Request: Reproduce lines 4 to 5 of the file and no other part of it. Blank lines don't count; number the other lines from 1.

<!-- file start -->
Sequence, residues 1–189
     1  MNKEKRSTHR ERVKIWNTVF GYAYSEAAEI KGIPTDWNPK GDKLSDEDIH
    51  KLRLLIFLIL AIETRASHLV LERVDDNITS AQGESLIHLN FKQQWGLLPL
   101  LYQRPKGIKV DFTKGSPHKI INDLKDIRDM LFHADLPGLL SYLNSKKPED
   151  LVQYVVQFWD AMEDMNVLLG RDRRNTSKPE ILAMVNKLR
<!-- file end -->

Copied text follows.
   101  LYQRPKGIKV DFTKGSPHKI INDLKDIRDM LFHADLPGLL SYLNSKKPED
   151  LVQYVVQFWD AMEDMNVLLG RDRRNTSKPE ILAMVNKLR